Pretend play becomes more complex as children develop. By four to five years children are beginning to act out a series of actions to form whole scenes. They also begin to explore topics outside of their daily experience, such as the fire station, zoo or beach and fantasy themes such fairies, pirates and dinosaurs. Why is pretending so important for development?
Pretend play involves many skills including emotions, thinking, language, the senses and movement and so it is thought that it helps to build links between the different parts of the brain responsible for different functions.
Pretend play involves understanding other people. Pretending to be another person whether it is mum or dad, a baby or a ballerina, a princess or a pirate involves thinking about another person's role, how they feel and act and how they see the world. This develops a child's theory of mind. Theory of mind is a higher level thinking skill important for learning and social development which can be challenging for children with special needs to develop.
Pretend play helps to develop story telling skills which are important in the development of literacy skills. In acting out pretend scenarios children become a character which performs a series of actions to achieve a goal or solve a problem. This is just what happens when we tell a story.
Pretend play allows opportunities to develop social language, higher level thinking and social skills. When children play together they learn to negotiate, explain, share, take turns, problem solve and respond to the comments, actions and emotions of others.
Pretend play allows children to work through their emotions and deal with any stresses they may feel. A child who finds the day challenging can feel powerful and in control when pretending to be a superhero or a lion tamer. A child who feels lonely and isolated can feel a sense of belonging when playing families.
To help your child develop more complex pretend play skills:
Allow time for pretend play. As parents and educators we are concerned that our children learn the things that are seen as important for schooling such as letters, colours, shapes and numbers so it is tempting for playtime to become "teaching time". Allowing children to play freely is also important. Screen time takes up more and more of a child's day so make a regular time to turn off the TV, iPad and computer and allow your child to play.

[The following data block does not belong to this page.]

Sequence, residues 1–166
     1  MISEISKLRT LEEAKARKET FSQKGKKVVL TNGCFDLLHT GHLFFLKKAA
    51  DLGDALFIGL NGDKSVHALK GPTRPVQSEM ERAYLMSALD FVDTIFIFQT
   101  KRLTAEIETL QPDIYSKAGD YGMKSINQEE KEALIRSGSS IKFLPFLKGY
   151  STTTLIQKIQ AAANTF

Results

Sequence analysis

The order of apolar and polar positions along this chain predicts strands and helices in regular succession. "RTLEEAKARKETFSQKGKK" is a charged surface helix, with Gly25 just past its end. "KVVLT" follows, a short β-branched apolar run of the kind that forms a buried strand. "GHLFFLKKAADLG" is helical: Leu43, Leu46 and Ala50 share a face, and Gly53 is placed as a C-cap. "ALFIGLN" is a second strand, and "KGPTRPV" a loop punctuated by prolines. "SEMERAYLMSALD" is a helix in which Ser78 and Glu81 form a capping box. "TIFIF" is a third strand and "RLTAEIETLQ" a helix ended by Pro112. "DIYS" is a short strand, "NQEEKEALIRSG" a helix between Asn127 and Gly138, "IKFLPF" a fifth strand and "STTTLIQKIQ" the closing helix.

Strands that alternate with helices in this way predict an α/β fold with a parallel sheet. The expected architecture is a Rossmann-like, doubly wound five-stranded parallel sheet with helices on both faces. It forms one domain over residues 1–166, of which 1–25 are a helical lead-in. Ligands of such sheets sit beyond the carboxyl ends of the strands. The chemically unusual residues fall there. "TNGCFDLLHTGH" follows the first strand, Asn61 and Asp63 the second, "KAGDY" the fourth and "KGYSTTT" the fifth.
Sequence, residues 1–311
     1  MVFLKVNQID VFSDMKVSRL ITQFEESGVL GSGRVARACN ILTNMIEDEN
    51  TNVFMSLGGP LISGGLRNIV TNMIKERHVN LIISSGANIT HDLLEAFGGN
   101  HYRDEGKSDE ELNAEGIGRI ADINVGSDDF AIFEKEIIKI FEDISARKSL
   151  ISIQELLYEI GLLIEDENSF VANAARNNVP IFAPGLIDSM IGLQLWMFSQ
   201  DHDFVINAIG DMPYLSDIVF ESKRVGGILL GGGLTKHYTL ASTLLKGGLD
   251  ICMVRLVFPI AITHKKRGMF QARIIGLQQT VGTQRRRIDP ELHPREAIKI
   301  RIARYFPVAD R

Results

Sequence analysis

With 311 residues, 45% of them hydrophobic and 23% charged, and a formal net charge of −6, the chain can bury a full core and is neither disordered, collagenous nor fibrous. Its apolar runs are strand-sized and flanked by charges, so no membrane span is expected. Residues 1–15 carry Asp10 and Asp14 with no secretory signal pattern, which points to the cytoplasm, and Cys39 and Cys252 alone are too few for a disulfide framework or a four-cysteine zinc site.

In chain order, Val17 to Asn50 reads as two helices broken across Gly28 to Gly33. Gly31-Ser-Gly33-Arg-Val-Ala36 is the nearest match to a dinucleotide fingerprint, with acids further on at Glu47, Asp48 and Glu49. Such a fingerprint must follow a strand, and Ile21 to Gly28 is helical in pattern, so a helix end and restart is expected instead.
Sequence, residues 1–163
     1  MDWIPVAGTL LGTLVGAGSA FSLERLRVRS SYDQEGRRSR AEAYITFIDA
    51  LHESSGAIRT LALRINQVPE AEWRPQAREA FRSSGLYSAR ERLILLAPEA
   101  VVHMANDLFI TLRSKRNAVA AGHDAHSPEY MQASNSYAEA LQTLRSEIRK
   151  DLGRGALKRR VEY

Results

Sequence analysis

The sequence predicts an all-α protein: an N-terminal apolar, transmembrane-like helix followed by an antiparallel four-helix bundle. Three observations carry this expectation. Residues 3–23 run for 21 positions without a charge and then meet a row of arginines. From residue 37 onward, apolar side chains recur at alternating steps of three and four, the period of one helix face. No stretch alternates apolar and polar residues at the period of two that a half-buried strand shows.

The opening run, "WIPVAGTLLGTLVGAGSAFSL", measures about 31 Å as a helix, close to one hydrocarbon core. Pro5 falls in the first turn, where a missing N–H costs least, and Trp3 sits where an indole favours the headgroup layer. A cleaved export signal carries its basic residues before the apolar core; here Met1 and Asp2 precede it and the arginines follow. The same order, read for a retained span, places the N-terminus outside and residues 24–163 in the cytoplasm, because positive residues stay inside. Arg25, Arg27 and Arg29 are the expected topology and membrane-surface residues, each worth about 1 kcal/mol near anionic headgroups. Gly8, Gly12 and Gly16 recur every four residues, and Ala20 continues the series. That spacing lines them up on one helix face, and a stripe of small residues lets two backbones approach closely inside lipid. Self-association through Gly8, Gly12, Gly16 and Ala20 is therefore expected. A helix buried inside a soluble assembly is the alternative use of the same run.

Allow space for pretend play. Play can be messy. It also take longer to save the world from invading dragons than to do a jigsaw puzzle. Try to find a place where your child can play for a longer period without being in the way of adults or needing to pack up too soon. If you have the space for your child to set up a pretend world and return to it later more complex play can develop.
Provide partners for play. Your child can benefit greatly from time to play alone but pretending with others allows lots more opportunities and challenges for language, thinking and socialising. By finding time to play with your child you can have fun together, extend their skills and develop your relationship. By finding other children to join in the play your child can learn valuable social skills and build friendships.
Provide materials for pretend play. Pretend play toys can be inexpensive. You don't need to buy the worlds best cubby house or a ride on motorised sports car. A cardboard box can be both a cubby and a sports car for free and tomorrow it can be something else.
Some simple things worth collecting for your child include:
- Toys for role playing such as cooking sets, tea sets, shopping sets, pretend tools. Cheap plastic sets work fine as do real items from the kitchen or opp shop.
- Props for dressing up. These can include old adult clothes, hats, shoes, handbags. Cheap shops have pretend costumes, hats, masks and jewellery at good prices.
- Characters such as dolls, teddies, stuffed toys and puppets to play roles when your child needs someone extra to play.
- Toys to create mini worlds, such as plastic animals, toy cars, train sets, dinosaurs, dolls houses.
- Items to extend play. Adding play dough to a tea set, blocks to farm animals, sand or gravel to trucks or dinosaurs can allow many more possibilities.
- Favourite themes. Have a box to collect items around your child's favourite theme. If your child loves pirates collect things such as an eye patch, sword, stuffed parrot, pirate hat, flag (old pillowcase), boxes for treasure, maps, a telescope (cardboard tube covered with foil), jewellery and coins for treasure.